So just for fun I decided to calculate the cohort math gains for states and state charter sectors in NAEP. Note that on the charter side there are considerable sampling issues in deriving an estimate for a relatively small group of students, making it a really great idea to check a secondary source of data rather than accepting an 8th grade NAEP score for charter students as written on a stone tablet by a higher power.  Various other caveats also apply- high gain scores are not the same as high scores, for instance. The number one gainer below (MN charters) does not have an especially high average 8th grade math score, and in fact lags about ten points below the statewide average for Minnesota. The opposite is true of the number two gainer (AZ charters) which have significantly higher overall scores than their statewide average and high scores overall. Charter sectors dominated by lots of new schools getting their sea legs full of students taking an academic hit getting used to a new school can create an optical illusion in a snapshot, such as those provided by NAEP. Many of these sectors may be on their way to improving in other words as ineffective/undesirable charters close, new ones open and survive, etc.

While NAEP has sampled the same cohort of students as both 4th and 8th graders, they are not of course testing the same students. Students move around, both between states and between district and charter schools. I don’t expect that many states are losing their high performing math students at high rates and having them replaced by low performing math students. In other words, at the state level kids moving around probably does not amount to much because things average out in the aggregate. I’m less confident of this being the case at the charter sector level. There are other caveats that could be dwelt upon, but that would start to violate the Prime Directive.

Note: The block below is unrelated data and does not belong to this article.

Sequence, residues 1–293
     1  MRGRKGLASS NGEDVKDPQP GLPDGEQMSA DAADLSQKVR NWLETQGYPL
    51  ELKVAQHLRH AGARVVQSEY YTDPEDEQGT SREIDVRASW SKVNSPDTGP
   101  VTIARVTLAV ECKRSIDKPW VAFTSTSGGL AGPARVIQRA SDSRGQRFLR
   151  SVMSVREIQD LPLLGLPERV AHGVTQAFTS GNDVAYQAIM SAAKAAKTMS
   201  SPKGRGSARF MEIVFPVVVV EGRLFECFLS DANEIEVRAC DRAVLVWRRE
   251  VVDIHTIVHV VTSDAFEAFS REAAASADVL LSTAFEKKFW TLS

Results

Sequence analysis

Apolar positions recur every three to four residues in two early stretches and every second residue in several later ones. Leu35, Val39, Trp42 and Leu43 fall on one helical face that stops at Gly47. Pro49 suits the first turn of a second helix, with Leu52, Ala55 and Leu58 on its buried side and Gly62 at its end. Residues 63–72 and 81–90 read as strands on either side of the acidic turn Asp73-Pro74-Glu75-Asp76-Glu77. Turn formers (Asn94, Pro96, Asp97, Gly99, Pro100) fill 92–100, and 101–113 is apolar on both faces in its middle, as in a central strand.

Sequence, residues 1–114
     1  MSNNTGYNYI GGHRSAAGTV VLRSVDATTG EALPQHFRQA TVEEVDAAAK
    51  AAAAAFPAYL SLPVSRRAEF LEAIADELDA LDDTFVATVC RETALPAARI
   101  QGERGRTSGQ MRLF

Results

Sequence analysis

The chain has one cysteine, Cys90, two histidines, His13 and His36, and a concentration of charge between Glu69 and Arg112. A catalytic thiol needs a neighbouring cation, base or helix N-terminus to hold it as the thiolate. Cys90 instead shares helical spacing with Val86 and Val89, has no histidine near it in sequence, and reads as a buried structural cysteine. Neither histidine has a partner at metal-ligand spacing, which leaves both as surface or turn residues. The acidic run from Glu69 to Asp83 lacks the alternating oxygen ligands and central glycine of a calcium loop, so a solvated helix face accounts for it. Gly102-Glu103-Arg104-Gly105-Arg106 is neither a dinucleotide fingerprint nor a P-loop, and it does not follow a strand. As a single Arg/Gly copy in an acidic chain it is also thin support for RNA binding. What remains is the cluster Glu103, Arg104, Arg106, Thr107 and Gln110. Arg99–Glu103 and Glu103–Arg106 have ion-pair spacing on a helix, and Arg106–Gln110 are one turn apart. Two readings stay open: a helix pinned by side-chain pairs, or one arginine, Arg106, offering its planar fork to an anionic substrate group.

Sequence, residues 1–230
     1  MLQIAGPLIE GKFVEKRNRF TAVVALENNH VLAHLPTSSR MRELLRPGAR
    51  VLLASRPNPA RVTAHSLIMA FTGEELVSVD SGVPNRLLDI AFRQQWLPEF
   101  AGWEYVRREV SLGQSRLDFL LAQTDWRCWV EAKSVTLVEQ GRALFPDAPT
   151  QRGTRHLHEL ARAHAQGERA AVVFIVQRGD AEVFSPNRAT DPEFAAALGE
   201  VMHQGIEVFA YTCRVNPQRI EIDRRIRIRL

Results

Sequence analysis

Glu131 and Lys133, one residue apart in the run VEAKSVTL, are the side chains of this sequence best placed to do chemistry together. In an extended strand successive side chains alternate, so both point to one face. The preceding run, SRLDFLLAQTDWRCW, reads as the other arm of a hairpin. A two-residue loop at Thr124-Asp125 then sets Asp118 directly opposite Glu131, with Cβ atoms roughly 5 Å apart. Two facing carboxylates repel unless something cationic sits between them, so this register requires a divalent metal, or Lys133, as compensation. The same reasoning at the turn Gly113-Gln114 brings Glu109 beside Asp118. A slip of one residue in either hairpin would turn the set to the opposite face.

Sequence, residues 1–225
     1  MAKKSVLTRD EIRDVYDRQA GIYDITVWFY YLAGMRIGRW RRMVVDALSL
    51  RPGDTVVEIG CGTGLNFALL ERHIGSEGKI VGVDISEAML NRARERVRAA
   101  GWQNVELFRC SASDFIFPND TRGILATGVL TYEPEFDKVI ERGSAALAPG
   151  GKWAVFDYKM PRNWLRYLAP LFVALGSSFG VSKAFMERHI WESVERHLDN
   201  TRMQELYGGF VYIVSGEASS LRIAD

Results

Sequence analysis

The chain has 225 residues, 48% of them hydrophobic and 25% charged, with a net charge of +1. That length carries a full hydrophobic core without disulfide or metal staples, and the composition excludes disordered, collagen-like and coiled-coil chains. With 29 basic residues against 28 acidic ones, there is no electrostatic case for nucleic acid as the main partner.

So okay you’ve been warned- each of these gain scores needs to be viewed in a broader context- far more context than I am going to be able provide here. Having said all of that:


Charter sectors cover both the top and the bottom of the chart- 7 out of the top 10, and the top four overall gains.

Down at the bottom of the chart alas we see the bottom five spots covered by charter sectors. So, Pennsylvania charters, we need to talk.  The NAEP listed your 2011 average 4th grade math score as 241, and your 2015 average 8th grade score as 249. I **ahem** double checked the numbers just to be sure I hadn’t made some mistake. The district numbers for Philadelphia in the TUDA- 225 for 2011 4th graders, 267 for 2015 8th graders.  Both of those scores are catastrophically terrible, but the second one is at least meaningfully higher than the first one. Something goofy with these NAEP numbers? PA charters dominated by dropout recovery programs? Who let the dogs out?

As stated above, no hard and fast conclusions should be drawn from this little insomnia driven exercise, but PA charters might want to turn up the water pressure: